1. This site uses cookies. By continuing to use this site, you are agreeing to our use of cookies. Learn More.
  2. Hi Guest, welcome to the TES Community!

    Connect with like-minded education professionals and have your say on the issues that matter to you.

    Don't forget to look at the how to guide.

    Dismiss Notice

New government advice for schools

Discussion in 'Personal' started by chelsea2, May 11, 2020.

  1. chelsea2

    chelsea2 Star commenter

    It's available here:
    https://www.gov.uk/government/publi...-measures-in-education-and-childcare-settings

    Haven't got time to post all the key points, but just a couple:
    - half classes to attend;
    - if there aren't enough teachers, TAs can take a half-class;
    - PPE is unnecessary for teachers, even if 2m can't be maintained;
    - everything staggered: start & finish times, breaks, assembly groups, lunchtimes;
    - teachers & groups to stay together in same room every day;
    - clean everything all the time, whenever it's been used (who will do that?)
     
  2. Lara mfl 05

    Lara mfl 05 Star commenter

    Ah that answers my query as to why they've started with Primary as opposed to Secondary.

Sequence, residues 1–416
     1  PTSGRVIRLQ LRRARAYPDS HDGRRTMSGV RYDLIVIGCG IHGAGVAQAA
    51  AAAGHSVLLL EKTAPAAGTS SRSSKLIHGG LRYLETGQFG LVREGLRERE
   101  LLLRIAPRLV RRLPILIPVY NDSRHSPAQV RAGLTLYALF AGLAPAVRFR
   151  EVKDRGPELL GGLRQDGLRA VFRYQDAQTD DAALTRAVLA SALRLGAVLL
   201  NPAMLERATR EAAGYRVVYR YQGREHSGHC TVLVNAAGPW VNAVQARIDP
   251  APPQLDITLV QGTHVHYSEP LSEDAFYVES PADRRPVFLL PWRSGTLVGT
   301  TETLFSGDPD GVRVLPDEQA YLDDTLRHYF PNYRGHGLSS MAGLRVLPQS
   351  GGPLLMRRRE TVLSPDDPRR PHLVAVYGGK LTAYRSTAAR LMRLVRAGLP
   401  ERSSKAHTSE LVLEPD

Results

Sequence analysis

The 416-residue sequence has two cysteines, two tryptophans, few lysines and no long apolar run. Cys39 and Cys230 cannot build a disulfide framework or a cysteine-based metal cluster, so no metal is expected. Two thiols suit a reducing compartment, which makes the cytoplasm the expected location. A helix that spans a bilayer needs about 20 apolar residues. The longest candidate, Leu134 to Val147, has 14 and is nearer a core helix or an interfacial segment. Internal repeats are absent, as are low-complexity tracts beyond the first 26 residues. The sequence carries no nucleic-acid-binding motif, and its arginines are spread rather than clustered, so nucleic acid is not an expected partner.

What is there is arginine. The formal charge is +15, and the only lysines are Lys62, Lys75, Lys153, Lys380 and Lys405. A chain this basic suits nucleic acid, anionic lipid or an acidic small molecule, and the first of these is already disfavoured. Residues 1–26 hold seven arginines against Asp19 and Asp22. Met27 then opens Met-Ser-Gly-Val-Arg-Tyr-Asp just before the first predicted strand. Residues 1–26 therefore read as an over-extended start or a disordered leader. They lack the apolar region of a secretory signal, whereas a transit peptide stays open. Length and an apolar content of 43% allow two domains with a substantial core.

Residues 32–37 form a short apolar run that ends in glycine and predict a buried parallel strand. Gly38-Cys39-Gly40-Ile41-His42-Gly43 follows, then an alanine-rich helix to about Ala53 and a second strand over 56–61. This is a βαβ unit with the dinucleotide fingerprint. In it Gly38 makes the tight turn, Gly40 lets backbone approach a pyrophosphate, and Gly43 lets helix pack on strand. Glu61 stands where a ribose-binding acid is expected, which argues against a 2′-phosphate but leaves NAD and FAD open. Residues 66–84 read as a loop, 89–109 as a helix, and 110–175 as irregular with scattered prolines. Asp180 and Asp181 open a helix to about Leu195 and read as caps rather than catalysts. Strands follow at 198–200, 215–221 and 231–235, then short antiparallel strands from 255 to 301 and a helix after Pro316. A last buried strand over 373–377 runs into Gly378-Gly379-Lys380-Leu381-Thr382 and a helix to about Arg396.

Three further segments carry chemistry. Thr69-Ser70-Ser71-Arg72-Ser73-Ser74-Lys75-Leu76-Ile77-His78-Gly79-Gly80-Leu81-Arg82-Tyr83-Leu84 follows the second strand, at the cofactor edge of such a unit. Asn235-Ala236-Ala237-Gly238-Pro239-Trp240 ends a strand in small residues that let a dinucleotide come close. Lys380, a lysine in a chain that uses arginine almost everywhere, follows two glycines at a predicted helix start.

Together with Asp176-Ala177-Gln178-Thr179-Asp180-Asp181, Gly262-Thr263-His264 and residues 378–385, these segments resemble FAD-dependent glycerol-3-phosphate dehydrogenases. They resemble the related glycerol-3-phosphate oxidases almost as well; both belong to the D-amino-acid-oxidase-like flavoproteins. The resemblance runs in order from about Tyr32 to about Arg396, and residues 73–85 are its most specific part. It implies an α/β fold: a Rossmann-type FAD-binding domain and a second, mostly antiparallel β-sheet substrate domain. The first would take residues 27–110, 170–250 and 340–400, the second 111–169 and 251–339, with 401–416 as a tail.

3. Scintillant

    Scintillant Star commenter

    If it's 2m for everyone else,

    it's 2m for me.

    Or jog on.

    Sounds crazy. They don't even know how much children are transmitting yet.

    We can't afford TAs

    We can get 6 pupils in a room socially distancing, 8 absolute max at a push.
     
  4. rararasputin

    rararasputin Senior commenter

    We have some classes of 30 in Y10, no way can we get 15 in a classroom, 2m apart. And as for staggered assemblies??!!
     
  5. vannie

    vannie Star commenter

    No breaks for teachers then.
     
  6. hhhh

    hhhh Lead commenter

    If people are told to work from home and Zoom meet, why can't teachers continue to teach online (vulnerable and keyworkers' children aside). I'm not saying it's the same as 'real' teaching, but then many workers complain that Zoom meetings and their online wfh is nothing like the real thing, and while some children don't do very well at remote learning, others are saying they can work much better and prefer things this way, without constant distractions from badly behaved children-who quite honestly often don't work even when they're in school...so if we're supposed to wfh, why shouldn't we all continue as we are?
    As for the argument that people who have children who aren't in school should get 'sympathy' from their employers, as Boris put it, when I had childcare problems many moons ago, they were said to be my problems and not an acceptable reason to be off. Sure, Covid is very serious and affects more people, but there have been many occasions in the past when parents had serious and genuine reasons for struggling with childcare.
     
    Ro13, ukpaul, BetterNow and 2 others like this.
  7. install

    install Star commenter

    Lots of unanswered questions I think -

    So -can a teacher refuse to teach on ‘safety grounds’ in the event that their classroom is not measured out, taped up at a 2m distance, and cleaned regularly?


    What about books - the virus can spread by touch?

    How do you stagger breaks and do children go out and play or not? Won’t it be more a toilet / food break ?